August 31, 2014
Review by Dennis Linard
Wow! Rare as it is, I'm a bit lost for words. Who would have thought the
old curmudgeon would stuns us like he did? The history of Bob Dylan plays
a major role in my life and one of the joys of fronting up to Bob shows
has always been, for me, the unknown of the song list; the challenge of
guessing; the revelatory moment when recognition enters your brain. I was
curious about this current tour given the static setlist (in the main).
Would that make for a different experience? I found myself very relaxed,
knowing what Bob was to play next. I've never experienced that before, and
I liked it (although I missed the usual challenge a bit).
As an aside: Every Bob gig in Adelaide seems to invariably be advertised
on local radio over the dulcet tones of 'Hurricane', as if he's still
playing that song (note to self: check when he last played it). As my lad
said 'what hilariously false advertising'.
So, to the gig itself: From the opening chords of a strummed acoustic
guitar, which was structured to sound like a folk song echoing the ghost
of Greenwich Village (and was a beautiful rendition of 'Things Have
Changed') to Bob finishing the show with the song that originally brought
him folk fame 'Blowin' in the Wind', Bob and his cowboy band were at the
top of their game. Were these bookends just serendipitous? I think not.
What grabbed me immediately was the sound. The Adelaide Entertainment
Centre has never been known for its finesse, always sounding like a
booming barn, but this was a delicate, intricate, perfectly mixed blend of
rock music played at a level that made it easy to hear every instrument,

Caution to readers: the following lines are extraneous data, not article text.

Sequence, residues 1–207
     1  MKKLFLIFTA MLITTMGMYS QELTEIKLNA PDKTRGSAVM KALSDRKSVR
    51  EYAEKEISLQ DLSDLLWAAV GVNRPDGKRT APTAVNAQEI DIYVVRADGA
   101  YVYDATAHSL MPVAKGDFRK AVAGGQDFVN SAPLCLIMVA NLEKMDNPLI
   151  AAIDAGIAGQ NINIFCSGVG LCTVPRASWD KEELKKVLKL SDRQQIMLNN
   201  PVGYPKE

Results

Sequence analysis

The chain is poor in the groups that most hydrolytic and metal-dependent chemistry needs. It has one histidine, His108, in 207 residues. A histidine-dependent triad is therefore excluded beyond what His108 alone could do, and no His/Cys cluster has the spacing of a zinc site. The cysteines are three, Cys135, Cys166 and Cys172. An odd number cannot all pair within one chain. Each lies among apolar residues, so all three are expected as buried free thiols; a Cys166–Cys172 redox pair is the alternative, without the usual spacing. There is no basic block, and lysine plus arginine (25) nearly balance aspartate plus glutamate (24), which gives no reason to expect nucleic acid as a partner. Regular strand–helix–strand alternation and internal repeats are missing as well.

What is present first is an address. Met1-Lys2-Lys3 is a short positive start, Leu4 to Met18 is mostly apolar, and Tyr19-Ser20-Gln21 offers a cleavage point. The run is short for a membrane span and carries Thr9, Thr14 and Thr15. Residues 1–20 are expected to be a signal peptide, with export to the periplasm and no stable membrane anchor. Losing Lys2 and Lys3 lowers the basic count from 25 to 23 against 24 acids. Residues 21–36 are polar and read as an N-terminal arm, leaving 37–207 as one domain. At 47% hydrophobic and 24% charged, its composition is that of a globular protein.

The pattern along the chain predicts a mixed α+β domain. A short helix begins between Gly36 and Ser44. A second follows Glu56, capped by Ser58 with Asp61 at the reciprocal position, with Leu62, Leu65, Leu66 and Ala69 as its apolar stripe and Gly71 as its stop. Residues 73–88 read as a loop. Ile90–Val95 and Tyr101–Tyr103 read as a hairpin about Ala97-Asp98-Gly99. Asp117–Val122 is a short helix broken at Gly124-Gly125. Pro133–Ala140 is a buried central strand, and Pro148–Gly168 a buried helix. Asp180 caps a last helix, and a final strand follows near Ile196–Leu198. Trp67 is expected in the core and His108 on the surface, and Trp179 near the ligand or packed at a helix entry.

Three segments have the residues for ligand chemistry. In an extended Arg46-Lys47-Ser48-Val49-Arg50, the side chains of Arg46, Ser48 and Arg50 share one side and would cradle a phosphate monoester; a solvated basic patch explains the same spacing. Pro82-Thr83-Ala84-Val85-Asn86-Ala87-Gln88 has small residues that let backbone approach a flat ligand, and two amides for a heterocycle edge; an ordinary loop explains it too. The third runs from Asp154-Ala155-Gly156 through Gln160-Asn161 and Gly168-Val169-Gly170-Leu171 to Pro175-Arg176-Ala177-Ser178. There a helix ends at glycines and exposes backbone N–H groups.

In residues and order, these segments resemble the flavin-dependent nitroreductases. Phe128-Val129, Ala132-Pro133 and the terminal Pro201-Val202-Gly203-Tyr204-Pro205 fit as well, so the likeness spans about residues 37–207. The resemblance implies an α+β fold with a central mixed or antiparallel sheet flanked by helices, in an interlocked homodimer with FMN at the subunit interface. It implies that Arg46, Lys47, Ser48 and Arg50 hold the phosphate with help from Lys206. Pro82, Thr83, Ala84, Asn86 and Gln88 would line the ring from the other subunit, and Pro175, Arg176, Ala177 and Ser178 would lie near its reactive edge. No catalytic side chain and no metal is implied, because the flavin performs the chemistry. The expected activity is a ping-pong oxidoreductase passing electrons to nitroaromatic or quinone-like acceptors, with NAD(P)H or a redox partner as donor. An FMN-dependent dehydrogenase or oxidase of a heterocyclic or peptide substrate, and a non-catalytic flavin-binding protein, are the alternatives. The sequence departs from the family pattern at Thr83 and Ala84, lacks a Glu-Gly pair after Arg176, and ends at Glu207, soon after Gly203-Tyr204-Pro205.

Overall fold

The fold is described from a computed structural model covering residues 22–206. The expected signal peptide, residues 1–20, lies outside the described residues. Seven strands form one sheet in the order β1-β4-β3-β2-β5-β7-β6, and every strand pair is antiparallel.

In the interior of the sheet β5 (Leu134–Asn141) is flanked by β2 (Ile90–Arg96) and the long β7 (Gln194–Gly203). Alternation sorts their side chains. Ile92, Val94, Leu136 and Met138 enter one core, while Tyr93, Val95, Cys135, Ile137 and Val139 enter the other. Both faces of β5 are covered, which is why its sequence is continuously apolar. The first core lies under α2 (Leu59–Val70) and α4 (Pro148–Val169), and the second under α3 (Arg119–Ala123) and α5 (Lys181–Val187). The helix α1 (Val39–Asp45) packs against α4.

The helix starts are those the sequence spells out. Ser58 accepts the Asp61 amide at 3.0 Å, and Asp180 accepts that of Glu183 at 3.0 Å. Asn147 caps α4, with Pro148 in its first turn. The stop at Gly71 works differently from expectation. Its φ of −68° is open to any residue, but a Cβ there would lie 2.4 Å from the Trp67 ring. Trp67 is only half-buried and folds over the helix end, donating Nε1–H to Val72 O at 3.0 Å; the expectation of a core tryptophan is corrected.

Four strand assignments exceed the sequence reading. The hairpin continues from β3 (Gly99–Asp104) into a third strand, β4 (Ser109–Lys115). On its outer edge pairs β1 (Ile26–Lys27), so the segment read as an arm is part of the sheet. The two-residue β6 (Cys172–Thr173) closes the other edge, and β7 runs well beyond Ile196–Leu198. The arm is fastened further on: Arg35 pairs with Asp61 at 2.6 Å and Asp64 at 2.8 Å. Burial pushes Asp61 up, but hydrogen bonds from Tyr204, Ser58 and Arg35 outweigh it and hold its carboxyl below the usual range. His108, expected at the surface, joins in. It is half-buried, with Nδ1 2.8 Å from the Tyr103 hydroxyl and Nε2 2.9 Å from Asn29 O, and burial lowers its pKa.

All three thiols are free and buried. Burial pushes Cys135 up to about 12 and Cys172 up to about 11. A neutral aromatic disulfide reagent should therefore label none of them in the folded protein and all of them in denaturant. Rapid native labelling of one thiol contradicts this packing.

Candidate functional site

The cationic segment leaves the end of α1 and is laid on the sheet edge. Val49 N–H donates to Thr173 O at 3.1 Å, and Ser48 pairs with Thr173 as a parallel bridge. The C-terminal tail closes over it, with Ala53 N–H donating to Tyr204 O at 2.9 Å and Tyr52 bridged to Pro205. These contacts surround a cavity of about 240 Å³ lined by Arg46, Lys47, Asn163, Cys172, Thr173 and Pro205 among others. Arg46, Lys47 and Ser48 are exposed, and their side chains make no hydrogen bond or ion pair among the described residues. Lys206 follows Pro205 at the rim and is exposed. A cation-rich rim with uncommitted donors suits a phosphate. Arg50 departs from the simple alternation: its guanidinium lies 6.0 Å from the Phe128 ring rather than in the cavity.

every nuance, every phrase. And Bob's phrasing was magnificent as always.
Rarely does he get praise for his singing, these days sounding more Tom
Waits than Bob of old, but his phrasing has never let him down. Bob has
said that the meter of the song is more important to him than his lyrics.
Well, his delivery to that meter of words of such power and beauty tells
me that he's not being completely honest.
Every song, even the ones I wouldn't normally consider at the top of my
'want to hear' list, such as Scarlet Town and Early Roman Kings, were
incredible. Special mention to, ah hell, the whole lot. I was looking
through the song list to praise one song above all others and I couldn't
do it. Every single one was a highlight. From mournful to organic to rock,
the gig never became bogged down in sameness.
If you're a Bobsessive, don't miss this tour. If you're attending hoping
to hear your favourite Bob song, do your homework. If you appreciate
greatness, sit back, relax and marvel in the magic this man keeps
I've seen Bob 9 times over the last 28 years and to reflect on what
Benmont Tench said recently, I feel such privilege to live at a time when
Bob is making music. I cherish every experience.
Like I said, I'm lost for words.
Review by Nick Miller
Fourth night in a fourth city of the2014 NZ / Australia tour for me -
before settling into more nights in my hometown Sydney.
Again there is Dylan right on time as the gong sounds. The Adelaide
Entertainment Centre is similar to Claudelands Arena in Hamilton NZ -
certainly not the history or grandeur of Melbourne and Sydney venues.
None-the-less the sound is great and audience as ever having a wonderful
time. We sit next to a lifelong fan from Port Lincoln and behind a girl
who chair dances through the night. Strangers become friends, music fills
the arena. Highlights tonight for me are Workingman's Blues #2, Simple
Twist of fate, Early Roman Kings, Long and Wasted Year and tonight Blowin'
in the Wind really resonates. Mention must be made of the excellent
lighting and ongoing energy from the band. Plus that Dylan's harmonica
playing is so spot on to the songs. During the tram ride home the crowd
are effusive about the night...roll on Sydney.
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